With smaller budgets, increased workloads, expanded scopes of work, and shorter turnaround times, it's a serious struggle to keep up with an ever-changing workflow for creative project management personnel. And since additional resources don't grow on trees, marketing teams must find ways to eliminate inefficiencies and improve productivity if they want to avoid burnout.
Finding a tool that can reduce work inefficiency is a critical component of achieving success and nowhere is the do-more-with-less mentality more present than when it comes to marketing teams. Many project solutions have a steep learning curve that can further reduce, rather than add to, your team's productivity. Also, most solutions are designed for IT and development teams rather than for marketing teams, who work differently and need different features.
To find out more about work inefficiencies, Workfront recently surveyed more than 260 marketing professionals across the U.S. and revealed these top four:
1. Distractions and Interruptions - 74 percent of marketing professionals cited distractions and interruptions as the number one work inefficiency. Distractions and interruptions not only break the creative flow, but according to research, can eat up to 2.1 hours a day for the average worker.[i]
2. Overflowing Email Inboxes - Email may be the most commonly used tool, but it's not the most efficient. 63 percent of marketing professionals cited overflowing email inboxes as one of their top work inefficiencies, and, according to a recent McKinsey Global Institute report, the average worker spends 28 percent of the workweek managing email.
3. Unproductive Meetings - 56 percent of marketing professionals listed unproductive meetings as one of their top work inefficiencies. With time wasted in chitchat and discussions that go nowhere, studies show that as much as 50 percent of meeting time is unproductive and up to 25 percent of it is spent discussing irrelevant issues.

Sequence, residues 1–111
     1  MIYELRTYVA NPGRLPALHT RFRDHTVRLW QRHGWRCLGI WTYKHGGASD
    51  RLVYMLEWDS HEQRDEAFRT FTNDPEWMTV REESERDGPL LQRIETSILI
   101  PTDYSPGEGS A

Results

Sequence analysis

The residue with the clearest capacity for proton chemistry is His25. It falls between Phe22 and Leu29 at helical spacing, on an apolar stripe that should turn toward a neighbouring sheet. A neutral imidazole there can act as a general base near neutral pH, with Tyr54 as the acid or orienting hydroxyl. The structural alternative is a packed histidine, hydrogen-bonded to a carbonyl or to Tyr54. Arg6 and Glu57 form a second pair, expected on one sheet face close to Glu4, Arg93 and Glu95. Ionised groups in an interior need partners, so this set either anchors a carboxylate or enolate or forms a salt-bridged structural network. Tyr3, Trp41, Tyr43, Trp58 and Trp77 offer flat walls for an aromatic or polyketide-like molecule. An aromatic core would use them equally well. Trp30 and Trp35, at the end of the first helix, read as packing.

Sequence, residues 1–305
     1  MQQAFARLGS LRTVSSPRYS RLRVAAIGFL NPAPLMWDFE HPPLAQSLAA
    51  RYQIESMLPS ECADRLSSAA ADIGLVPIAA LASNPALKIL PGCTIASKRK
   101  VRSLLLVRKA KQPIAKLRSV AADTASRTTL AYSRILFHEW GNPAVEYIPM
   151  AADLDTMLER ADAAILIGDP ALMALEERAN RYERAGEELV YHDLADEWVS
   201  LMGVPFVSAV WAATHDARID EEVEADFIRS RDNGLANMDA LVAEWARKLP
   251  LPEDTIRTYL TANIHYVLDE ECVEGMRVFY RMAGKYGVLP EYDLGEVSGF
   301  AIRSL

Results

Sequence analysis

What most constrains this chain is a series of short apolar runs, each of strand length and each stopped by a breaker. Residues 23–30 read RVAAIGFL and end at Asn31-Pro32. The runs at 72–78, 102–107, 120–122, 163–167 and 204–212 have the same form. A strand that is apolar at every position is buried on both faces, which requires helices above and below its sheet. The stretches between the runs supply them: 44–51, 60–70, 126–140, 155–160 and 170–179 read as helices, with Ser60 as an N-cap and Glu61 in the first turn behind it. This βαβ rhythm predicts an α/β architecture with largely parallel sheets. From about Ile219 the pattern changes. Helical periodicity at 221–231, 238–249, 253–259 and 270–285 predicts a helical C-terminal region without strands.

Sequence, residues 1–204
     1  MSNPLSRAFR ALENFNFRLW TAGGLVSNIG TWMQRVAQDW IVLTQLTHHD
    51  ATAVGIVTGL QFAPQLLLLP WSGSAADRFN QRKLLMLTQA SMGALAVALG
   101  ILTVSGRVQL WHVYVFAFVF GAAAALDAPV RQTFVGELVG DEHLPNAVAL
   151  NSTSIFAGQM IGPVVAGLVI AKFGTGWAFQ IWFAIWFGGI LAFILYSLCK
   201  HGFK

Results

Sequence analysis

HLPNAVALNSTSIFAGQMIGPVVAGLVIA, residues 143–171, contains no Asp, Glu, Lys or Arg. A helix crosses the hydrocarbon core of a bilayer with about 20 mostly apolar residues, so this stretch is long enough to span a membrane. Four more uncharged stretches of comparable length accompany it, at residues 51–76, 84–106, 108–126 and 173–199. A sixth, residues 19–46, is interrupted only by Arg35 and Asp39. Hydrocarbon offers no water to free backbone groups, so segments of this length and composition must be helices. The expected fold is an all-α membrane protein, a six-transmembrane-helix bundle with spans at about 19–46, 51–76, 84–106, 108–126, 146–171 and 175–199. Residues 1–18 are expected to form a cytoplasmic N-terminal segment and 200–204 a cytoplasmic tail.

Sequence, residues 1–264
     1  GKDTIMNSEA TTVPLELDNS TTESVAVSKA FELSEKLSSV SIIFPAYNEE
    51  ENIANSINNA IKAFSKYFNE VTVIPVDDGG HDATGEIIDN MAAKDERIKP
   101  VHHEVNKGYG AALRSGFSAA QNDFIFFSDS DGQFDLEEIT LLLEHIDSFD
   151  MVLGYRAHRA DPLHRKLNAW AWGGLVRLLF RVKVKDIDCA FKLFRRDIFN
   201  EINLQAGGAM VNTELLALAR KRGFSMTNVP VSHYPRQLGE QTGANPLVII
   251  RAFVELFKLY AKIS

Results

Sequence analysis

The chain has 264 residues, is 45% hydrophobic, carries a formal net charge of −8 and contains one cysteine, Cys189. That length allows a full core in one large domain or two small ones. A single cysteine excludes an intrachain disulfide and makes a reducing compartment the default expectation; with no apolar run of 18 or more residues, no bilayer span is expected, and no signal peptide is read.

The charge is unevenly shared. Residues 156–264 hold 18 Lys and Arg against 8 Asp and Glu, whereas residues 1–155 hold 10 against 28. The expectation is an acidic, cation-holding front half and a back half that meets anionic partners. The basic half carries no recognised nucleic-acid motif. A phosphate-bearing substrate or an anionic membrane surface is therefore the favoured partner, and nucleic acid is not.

4. Random Work Requests - 36 percent of respondents cited random work requests as a major work inefficiency,[vii] making it clear that the common refrain of "It'll only take five minutes" is not so benign. Random requests rarely only take five minutes and almost always reduce your focus on getting the most important tasks done first.
When it comes to managing marketing work, having the right structure in place is the key to controlling work chaos. What does the right structure look like? Here are the three most important components:
Manage All Work in One Place
When you're using several disparate tools work and data get scattered, making gathering information from various tools, creating reports, and keeping everyone in the loop is laborious. Having a single tool that manages the entire work life cycle in one place eliminates silos, provides instant status updates, and keeps all work connected and in context so work can continue to flow smoothly.
In addition, with a single source of truth provided by one tool, you'll be able to easily provide concrete data and real-time insights into what your team is doing and the value they deliver.
Using templates and creative briefs to help automate processes may seem counterintuitive—more forms, more time—and you may encounter some initial pushback. But automating common processes actually eliminates starting from scratch every time you launch a new project or campaign. It also ensures that you've clearly defined who is responsible for what and when each step in the process should take place, saving time and increasing output.
Most importantly, using templates and automating processes frees up time for creativity by eliminating repetition, building team consensus, and aligning expectations.
Collaborate in Context
Daily status meetings, long email chains, phone calls that no one else has visibility into, or instant messages that disappear with the closing of a window—these kinds of communications make it difficult to collaborate effectively. Who said what gets forgotten or time gets wasted looking for buried information. Instead, collaboration needs to happen in the context of the work being done in a social and natural way so that all communication remains connected to the work.
When information such as team members, dates and times, related documents, project discussions, and other important information are all connected to the work, feedback doesn't get forgotten and time isn't wasted searching for answers or insights. Instead, everyone stays on the same page, in one place.
To help you choose the best tool for your team, download the Marketing Work Management Buyer's Guide.
About the Author
Raechel is an award-winning content marketer who has particular expertise in managing B2B content marketing projects and campaigns, developing content strategies, and marrying content with design. She’s a Certified Scrum Master and a Marketing Workflow Expert who’s passionate about the Agile Marketing methodology. When she’s not working, Raechel spends her time with her husband, at the beach, or pretending like she’s going for a run.Follow on Twitter More Content by Raechel Duplain